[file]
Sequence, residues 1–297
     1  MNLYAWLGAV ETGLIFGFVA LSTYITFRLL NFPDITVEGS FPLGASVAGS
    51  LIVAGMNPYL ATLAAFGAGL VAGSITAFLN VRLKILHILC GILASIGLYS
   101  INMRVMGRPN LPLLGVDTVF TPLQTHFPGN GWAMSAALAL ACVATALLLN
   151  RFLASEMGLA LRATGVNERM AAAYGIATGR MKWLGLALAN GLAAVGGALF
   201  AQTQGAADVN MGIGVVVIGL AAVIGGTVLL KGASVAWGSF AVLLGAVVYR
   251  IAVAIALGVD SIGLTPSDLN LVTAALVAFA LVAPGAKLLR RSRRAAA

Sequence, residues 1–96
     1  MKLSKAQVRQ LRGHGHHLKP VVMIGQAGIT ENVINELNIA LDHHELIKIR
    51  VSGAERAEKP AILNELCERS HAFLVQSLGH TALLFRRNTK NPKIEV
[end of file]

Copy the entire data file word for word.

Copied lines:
Sequence, residues 1–297
     1  MNLYAWLGAV ETGLIFGFVA LSTYITFRLL NFPDITVEGS FPLGASVAGS
    51  LIVAGMNPYL ATLAAFGAGL VAGSITAFLN VRLKILHILC GILASIGLYS
   101  INMRVMGRPN LPLLGVDTVF TPLQTHFPGN GWAMSAALAL ACVATALLLN
   151  RFLASEMGLA LRATGVNERM AAAYGIATGR MKWLGLALAN GLAAVGGALF
   201  AQTQGAADVN MGIGVVVIGL AAVIGGTVLL KGASVAWGSF AVLLGAVVYR
   251  IAVAIALGVD SIGLTPSDLN LVTAALVAFA LVAPGAKLLR RSRRAAA

Sequence, residues 1–96
     1  MKLSKAQVRQ LRGHGHHLKP VVMIGQAGIT ENVINELNIA LDHHELIKIR
    51  VSGAERAEKP AILNELCERS HAFLVQSLGH TALLFRRNTK NPKIEV